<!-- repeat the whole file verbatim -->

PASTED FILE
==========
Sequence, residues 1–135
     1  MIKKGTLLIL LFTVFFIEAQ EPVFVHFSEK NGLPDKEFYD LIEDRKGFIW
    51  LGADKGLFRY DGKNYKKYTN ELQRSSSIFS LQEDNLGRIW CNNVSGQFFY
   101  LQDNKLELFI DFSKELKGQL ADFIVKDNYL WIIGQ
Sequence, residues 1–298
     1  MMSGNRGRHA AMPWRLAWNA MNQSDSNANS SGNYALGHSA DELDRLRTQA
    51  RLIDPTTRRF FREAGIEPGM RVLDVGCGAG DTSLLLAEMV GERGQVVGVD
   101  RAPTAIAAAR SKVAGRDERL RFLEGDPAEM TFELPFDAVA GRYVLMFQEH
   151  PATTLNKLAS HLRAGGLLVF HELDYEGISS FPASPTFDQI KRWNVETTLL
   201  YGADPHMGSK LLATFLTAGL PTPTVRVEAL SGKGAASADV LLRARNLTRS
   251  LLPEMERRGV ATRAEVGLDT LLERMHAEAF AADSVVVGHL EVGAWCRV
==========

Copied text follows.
Sequence, residues 1–135
     1  MIKKGTLLIL LFTVFFIEAQ EPVFVHFSEK NGLPDKEFYD LIEDRKGFIW
    51  LGADKGLFRY DGKNYKKYTN ELQRSSSIFS LQEDNLGRIW CNNVSGQFFY
   101  LQDNKLELFI DFSKELKGQL ADFIVKDNYL WIIGQ
Sequence, residues 1–298
     1  MMSGNRGRHA AMPWRLAWNA MNQSDSNANS SGNYALGHSA DELDRLRTQA
    51  RLIDPTTRRF FREAGIEPGM RVLDVGCGAG DTSLLLAEMV GERGQVVGVD
   101  RAPTAIAAAR SKVAGRDERL RFLEGDPAEM TFELPFDAVA GRYVLMFQEH
   151  PATTLNKLAS HLRAGGLLVF HELDYEGISS FPASPTFDQI KRWNVETTLL
   201  YGADPHMGSK LLATFLTAGL PTPTVRVEAL SGKGAASADV LLRARNLTRS
   251  LLPEMERRGV ATRAEVGLDT LLERMHAEAF AADSVVVGHL EVGAWCRV